As members of the choir at the First Baptist Church in Greenwich held hands and sang in the Town Hall meeting room Friday morning, people in the audience rose, joined hands and hugged one another. It was a symbolic gesture of the message of the towns Stand Against Racism Day: love and tolerance.
For the second year in a row, Greenwich joined a national movement by the YWCA aimed at eliminating racism. Adrianne Singer, president of YWCA Greenwich, emphasized the importance of education. No child is born a racist, said Singer. Watch young children of different colors, cultures and nationalities play joyfully together at our school playground, in Bruce Park, at the YWCA racism is made. Its not in any of us, lets not any of us teach it.
First Selectman Peter Tesei spoke of the different forms bias takes. Its important when we think about today, we think of course of the progress that has been made in terms of equality -- racially, culturally religiously -- but also think about physically how people are discriminated against and how we should look to eradicate that by not buying into marketing stereotypes that have so prevailed our country, our society and frankly, right here in Greenwich, where people are striving for what is perfect or success, he said.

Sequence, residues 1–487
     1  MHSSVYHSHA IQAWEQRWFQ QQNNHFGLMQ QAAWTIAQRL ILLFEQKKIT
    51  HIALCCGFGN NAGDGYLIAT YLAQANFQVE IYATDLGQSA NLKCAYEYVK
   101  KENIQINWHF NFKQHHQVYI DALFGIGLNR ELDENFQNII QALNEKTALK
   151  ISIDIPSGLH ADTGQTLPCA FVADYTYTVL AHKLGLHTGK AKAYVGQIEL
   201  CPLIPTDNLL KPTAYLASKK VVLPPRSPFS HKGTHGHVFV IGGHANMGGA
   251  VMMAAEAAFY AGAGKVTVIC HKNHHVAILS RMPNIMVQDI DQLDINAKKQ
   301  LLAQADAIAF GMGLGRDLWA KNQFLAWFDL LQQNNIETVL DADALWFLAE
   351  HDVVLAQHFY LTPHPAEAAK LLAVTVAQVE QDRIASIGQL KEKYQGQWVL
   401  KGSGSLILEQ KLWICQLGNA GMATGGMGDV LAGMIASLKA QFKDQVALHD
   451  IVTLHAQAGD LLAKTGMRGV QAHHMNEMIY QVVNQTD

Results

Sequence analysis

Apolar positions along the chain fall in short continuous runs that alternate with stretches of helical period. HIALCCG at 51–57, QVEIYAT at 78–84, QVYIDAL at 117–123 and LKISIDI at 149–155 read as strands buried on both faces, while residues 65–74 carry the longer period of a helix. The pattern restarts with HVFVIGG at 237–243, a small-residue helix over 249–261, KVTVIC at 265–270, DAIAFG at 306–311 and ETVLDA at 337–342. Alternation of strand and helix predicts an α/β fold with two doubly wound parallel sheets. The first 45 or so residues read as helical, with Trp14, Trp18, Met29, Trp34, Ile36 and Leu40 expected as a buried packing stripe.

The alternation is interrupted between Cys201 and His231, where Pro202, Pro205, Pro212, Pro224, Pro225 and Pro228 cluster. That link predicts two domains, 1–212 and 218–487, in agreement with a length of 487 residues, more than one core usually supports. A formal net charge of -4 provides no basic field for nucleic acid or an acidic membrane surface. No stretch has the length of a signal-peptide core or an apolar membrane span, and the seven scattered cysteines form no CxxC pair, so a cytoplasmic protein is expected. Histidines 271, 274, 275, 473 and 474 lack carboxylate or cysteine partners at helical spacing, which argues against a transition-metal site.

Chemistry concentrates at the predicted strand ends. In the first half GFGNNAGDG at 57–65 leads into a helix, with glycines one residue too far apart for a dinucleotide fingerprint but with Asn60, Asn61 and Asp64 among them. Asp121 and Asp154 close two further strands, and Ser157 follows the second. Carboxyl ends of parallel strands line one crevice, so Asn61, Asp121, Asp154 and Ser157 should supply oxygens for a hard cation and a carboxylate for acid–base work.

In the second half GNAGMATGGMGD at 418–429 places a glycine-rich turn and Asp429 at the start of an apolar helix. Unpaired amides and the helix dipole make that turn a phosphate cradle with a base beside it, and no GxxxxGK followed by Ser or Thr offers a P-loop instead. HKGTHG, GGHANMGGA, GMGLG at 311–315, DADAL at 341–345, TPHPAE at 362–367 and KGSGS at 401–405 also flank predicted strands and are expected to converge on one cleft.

Noelle Valentine, a Greenwich High School senior and the Boys and Girls Club Young Person of the Year, reflected on the history of racism in America and how it prevails today.
The more we sit and watch someone be ridiculed because of the color of his skin and not do anything, it will wind up happening again and again and again. If you dont want that to happen, then speak up. The only way it will stop is if we speak up, she said. It is no time for us to think that things are finished. We must ourselves be proactive whenever it arises, whether it be at home, school, the store, anywhere, especially where we live today in Greenwich, Connecticut.
Did you celebrate Stand Against Racism Day?
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